Posted March 25, 2013 2:42 pm by with 1 comment

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LinkedIn-Logo-02Can you imagine how many data points there are in a system such as LinkedIn or Facebook? All those profiles, posts, pictures, events, comments, approval ratings. . . yes, that’s why they call it big data. In order to efficiently use big data, you have to be able to categorize it, quantify it and search it. That last part is usually where it all goes wrong.

Facebook recently served up their new search engine, now it’s LinkedIn’s turn.

The biggest change is unification. The current system forces you to choose the area you want to search: People, Companies, or Jobs. The new system eliminates that step and allows you to search all areas of the site with one click.

If you want more specific results, you can choose a single area from the search sidebar, or use Advanced Search to narrow the field by company, location and other factors.

Here are a few more new features:

Auto-complete – As you type your search term you’ll be prompted with options for what you may be looking for, and the more you search, the better it will get at predicting what you want.

Suggested searches – Now when you type in a search term such as “product manager” you’ll see example search queries for people or jobs related to product manager as well as a preview of top results to help you find what you’re looking for in one click.

These can both be a help or a hindrance. If you’re a fast typist, auto-complete can mess you up. But if you’re not sure what you’re looking for, these two features can help you pinpoint the most popular results.

Automated alerts – Save time by saving your searches and we’ll alert you when the results change.

That sounds nifty, especially if you’re looking for a new job or following the news about a particular company.

Enhanced advanced search – Not only has advanced search gotten a new look, it’s also easier to deepen your search with filters like location, company, school and more.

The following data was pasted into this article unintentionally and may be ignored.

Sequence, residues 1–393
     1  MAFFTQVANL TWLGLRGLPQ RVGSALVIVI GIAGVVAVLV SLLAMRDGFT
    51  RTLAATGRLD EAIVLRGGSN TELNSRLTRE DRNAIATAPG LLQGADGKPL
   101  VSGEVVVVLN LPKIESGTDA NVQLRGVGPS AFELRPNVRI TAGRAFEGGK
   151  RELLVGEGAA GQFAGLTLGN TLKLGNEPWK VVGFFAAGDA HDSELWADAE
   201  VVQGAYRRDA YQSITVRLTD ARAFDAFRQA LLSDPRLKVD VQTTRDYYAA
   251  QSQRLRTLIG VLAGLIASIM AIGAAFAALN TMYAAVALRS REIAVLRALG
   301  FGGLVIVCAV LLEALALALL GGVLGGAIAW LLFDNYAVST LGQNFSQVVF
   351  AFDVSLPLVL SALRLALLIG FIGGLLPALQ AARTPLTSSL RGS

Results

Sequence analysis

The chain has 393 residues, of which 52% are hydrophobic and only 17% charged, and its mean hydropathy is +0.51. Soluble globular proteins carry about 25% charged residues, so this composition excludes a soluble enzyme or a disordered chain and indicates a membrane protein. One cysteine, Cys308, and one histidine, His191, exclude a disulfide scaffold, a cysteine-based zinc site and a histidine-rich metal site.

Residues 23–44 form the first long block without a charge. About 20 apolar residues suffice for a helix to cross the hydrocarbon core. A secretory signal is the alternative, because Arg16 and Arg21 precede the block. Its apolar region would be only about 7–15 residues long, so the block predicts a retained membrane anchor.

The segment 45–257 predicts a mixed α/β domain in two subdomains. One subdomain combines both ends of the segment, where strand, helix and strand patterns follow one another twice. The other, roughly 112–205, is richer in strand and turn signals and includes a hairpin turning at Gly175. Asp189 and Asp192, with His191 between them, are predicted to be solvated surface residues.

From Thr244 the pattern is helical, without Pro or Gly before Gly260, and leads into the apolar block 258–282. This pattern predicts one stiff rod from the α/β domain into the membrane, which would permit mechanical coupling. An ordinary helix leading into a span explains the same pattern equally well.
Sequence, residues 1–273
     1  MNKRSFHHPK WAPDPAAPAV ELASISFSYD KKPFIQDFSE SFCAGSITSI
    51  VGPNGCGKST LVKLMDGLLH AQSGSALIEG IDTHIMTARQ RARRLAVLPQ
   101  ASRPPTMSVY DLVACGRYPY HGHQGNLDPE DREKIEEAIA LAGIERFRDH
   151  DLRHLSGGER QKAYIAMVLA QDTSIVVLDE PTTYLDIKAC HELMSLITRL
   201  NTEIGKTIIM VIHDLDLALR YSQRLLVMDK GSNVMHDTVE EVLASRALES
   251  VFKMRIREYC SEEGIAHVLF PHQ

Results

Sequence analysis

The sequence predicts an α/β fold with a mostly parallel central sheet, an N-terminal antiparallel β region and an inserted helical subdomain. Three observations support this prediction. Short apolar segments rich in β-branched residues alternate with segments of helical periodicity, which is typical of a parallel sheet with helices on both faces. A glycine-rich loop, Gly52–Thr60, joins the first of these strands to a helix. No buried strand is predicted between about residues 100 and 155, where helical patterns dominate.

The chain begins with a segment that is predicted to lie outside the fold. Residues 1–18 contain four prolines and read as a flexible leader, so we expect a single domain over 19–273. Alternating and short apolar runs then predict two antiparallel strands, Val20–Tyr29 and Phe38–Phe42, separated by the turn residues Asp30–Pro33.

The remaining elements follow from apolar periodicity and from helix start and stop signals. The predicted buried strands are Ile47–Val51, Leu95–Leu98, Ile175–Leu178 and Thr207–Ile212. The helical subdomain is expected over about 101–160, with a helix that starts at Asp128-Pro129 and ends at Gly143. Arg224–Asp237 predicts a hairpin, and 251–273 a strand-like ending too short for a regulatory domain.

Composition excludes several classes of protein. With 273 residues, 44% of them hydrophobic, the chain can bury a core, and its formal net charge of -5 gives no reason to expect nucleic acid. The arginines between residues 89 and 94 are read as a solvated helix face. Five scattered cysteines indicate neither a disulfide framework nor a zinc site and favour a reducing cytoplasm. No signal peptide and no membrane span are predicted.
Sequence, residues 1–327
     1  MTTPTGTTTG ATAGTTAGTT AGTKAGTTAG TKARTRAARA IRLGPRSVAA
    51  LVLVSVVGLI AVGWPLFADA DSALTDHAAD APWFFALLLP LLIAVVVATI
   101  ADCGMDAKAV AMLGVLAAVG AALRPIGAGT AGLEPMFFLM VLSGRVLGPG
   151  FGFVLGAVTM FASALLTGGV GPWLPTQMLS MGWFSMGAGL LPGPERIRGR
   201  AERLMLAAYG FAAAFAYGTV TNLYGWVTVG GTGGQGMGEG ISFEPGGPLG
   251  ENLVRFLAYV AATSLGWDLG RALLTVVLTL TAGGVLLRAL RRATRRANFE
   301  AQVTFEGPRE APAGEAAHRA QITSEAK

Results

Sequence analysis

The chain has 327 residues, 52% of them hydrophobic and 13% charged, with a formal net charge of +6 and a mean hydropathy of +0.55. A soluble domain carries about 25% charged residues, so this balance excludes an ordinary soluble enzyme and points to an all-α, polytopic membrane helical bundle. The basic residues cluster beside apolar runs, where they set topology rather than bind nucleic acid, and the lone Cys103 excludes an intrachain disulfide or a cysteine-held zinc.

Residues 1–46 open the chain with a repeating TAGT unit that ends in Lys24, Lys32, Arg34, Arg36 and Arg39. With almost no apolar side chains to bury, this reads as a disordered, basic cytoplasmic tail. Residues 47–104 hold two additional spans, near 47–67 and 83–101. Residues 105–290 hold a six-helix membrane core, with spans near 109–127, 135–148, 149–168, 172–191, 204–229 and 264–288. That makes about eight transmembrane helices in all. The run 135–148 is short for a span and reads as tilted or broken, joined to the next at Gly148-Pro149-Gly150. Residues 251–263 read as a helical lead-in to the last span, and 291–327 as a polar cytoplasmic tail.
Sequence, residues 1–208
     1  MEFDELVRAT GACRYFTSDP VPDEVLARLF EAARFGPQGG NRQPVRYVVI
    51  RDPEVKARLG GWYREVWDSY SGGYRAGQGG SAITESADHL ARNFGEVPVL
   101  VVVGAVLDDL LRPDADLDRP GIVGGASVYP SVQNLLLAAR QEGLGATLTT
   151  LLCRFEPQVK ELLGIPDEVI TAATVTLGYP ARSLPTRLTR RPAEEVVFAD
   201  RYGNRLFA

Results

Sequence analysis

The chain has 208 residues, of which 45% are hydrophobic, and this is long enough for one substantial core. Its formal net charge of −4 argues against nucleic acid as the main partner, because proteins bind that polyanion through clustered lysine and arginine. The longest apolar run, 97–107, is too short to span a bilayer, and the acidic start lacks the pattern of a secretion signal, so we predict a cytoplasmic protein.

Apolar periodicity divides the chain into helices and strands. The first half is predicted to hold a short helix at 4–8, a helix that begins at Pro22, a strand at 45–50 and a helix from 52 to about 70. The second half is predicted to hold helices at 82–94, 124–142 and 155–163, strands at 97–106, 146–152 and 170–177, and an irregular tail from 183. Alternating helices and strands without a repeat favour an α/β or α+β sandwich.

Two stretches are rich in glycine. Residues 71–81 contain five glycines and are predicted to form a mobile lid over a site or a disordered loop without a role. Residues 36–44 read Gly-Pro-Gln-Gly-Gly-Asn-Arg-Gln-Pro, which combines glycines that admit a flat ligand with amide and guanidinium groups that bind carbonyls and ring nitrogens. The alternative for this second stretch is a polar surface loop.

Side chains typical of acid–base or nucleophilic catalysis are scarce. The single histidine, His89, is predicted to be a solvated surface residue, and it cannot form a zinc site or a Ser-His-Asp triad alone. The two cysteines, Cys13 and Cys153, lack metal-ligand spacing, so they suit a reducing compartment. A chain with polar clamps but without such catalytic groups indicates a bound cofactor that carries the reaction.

Big news for recruiters and people looking for leads.

Smarter query intent algorithm – The more you search for content on LinkedIn, the more it learns and understands your intent over time to provide the most relevant results.

Says LinkedIn:

No two professionals are alike on LinkedIn. This means even if you search for the same thing as someone else, your results will be customized to you. LinkedIn’s search efforts are founded on the ability to take into account who you are, who you know, and what your network is doing to help you find what you’re looking for.

That’s both amazing and creepy. How crazy is it that computers become smarter the more we use them? There’s a danger zone here, I’m sure of it, but every time I search for information about how computers could take over the world, all I get are pictures of cute kittens. . . . hmm. . .

Smart search is rolling out as we speak and should be in place globally in the next few weeks.

  • Asraful Alam

    Fast fact: 82% of resumes are summarily
    rejected, even if you qualify for the job. While the reasons
    are many, the very first reason is this: the visuals are all wrong. No one will
    tell you that your resume is ugly. But if your resume is an assault on one’s
    vision the moment they open the file, they simply will move on to the next person.